Brian: My role now is Account Executive. As a company, we own SkypeGroupMe, XboxMSN, Windows 8. The faction I work in is Advertising and Online. To get to the nuts and bolts of what I love about advertising, it’s the innovation. Most things haven’t been done before, so if you can do it technologically, you have the opportunity to create a really new, unique experience. To describe what I do in one sentence, I monetize the internet. I am the reason why the internet is free. You use every site, they’re making money off you and you don’t even know it. The reason websites are free is because they’re making money based on advertisements. The whole things is to raise awareness or drive e-commerce. 

What inspires you to succeed?

Brian: I’m in a constant competition with my former self. I refuse to think my best accomplishments are behind me. The self motivation factor for me is huge. I can’t imagine a day where all my best accomplishments are in the past.  

What’s been the biggest challenge in your career thus far?

Brian: The biggest challenge that I’ve had is something that people don’t really think about in life, but in Corporate America it’s absolutely true. I started things early and you get to a point where you see ageism. My manager might be 15 years older than me, my peers can be 10 years older. With that the level of immediate respect, it takes them a lot to humble themselves and say, “OK me and this kid are doing the exact same thing or he might be further than me.” Sometimes it feels like, “Oh he can wait. He has enough on his plate already.” It’s that, “just be happy with what you got” type of thing.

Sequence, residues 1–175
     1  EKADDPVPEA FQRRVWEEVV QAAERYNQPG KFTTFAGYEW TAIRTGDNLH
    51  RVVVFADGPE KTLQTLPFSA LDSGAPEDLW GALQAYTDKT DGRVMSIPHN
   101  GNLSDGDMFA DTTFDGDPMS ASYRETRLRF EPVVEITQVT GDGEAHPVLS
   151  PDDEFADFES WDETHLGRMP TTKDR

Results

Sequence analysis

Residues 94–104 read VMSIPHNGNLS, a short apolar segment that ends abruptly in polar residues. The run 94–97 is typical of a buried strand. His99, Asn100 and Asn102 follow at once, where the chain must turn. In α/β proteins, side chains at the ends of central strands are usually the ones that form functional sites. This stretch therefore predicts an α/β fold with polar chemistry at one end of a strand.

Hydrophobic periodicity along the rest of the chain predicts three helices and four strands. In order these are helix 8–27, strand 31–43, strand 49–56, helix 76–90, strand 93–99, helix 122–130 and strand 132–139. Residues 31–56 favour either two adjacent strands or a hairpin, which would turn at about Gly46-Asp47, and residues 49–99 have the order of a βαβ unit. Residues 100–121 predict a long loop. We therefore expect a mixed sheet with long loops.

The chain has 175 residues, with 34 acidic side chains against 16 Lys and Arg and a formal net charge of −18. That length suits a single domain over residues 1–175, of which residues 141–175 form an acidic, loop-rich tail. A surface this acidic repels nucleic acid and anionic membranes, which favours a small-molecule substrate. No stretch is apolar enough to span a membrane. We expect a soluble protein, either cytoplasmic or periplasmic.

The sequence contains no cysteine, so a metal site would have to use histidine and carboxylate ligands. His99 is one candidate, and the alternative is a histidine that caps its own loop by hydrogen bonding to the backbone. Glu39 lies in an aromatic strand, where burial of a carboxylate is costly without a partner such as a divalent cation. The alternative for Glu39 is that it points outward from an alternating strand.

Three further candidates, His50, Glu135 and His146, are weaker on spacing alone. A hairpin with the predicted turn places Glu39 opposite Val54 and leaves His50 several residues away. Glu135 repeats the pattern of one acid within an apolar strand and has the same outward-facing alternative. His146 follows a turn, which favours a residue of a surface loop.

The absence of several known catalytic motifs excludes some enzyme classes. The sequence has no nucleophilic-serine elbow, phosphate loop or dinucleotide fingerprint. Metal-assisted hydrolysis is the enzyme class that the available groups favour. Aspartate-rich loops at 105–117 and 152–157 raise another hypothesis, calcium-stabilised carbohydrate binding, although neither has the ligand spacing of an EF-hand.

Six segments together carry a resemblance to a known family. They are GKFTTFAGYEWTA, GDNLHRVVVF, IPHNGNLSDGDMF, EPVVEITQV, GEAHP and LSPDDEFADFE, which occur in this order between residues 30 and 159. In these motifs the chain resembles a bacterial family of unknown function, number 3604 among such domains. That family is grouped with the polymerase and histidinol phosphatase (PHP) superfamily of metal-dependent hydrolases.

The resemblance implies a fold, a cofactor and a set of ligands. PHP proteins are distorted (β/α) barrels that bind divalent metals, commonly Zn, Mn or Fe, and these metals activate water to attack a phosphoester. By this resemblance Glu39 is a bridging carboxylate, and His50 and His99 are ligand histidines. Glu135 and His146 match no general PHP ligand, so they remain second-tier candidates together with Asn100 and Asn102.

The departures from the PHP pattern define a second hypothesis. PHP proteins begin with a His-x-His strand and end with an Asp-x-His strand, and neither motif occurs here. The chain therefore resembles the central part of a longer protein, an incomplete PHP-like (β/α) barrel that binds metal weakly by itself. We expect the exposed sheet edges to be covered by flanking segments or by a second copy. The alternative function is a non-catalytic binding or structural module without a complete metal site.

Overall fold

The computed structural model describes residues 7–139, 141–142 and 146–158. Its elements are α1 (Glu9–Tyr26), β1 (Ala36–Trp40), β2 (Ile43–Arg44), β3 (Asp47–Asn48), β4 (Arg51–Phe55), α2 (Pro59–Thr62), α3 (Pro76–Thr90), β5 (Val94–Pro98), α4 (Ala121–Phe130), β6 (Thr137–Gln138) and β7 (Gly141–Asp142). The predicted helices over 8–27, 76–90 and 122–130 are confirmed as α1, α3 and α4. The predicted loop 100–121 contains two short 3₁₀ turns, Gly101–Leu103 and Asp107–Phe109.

What frustrates you the most about today’s culture?

Brian: People who want their head patted for every single accomplishment. Oh, and people that complain without looking for a solution. 

What’s the #1 factor to your success?

Brian: It’s not about what you say to people, it’s about how you make them feel. You have to understand that there’s a certain magnetism to doing business with people or someone giving you that job. Going back to the psychology piece, part of my success is being able to make people feel comfortable. The second part is being a perfectionist. Going to work everyday like you’re interviewing for that next job. 

What’s your end goal professionally?

Brian: I absolutely love Corporate America, so I will invest more time into climbing the corporate ladder, but I also plan to be an entrepreneur of some sort. It makes no sense to live in America and not try your hand at entrepreneurship. I have an idea for a restaurant venture that I’ll roll out when the time is right. 

What advice would you give to the young professionals trying to move up in the corporate world?

Brian: Learn the art of humility. It’s easy to see the person on top and think you’re supposed to be right there with them. Everybody crawled before they walked, maybe you didn’t see that part! Whatever your passion is, if you really want to get into it, be OK with starting at the bottom. The second piece, growth is not a linear line. It’s more like a stock market ticker. Don’t let age or some number determine your success or discourage your progress.

Johnny: Absolutely, and never compare your beginning to somebody else’s middle! BJ, may our best accomplishments forever live in the future! Glad to have you as part of the #ShineHardFamily!


Interested in learning more or connecting with Brian?

Twitter: @BrianDavis4

Email: Brian.Davis@microsoft.com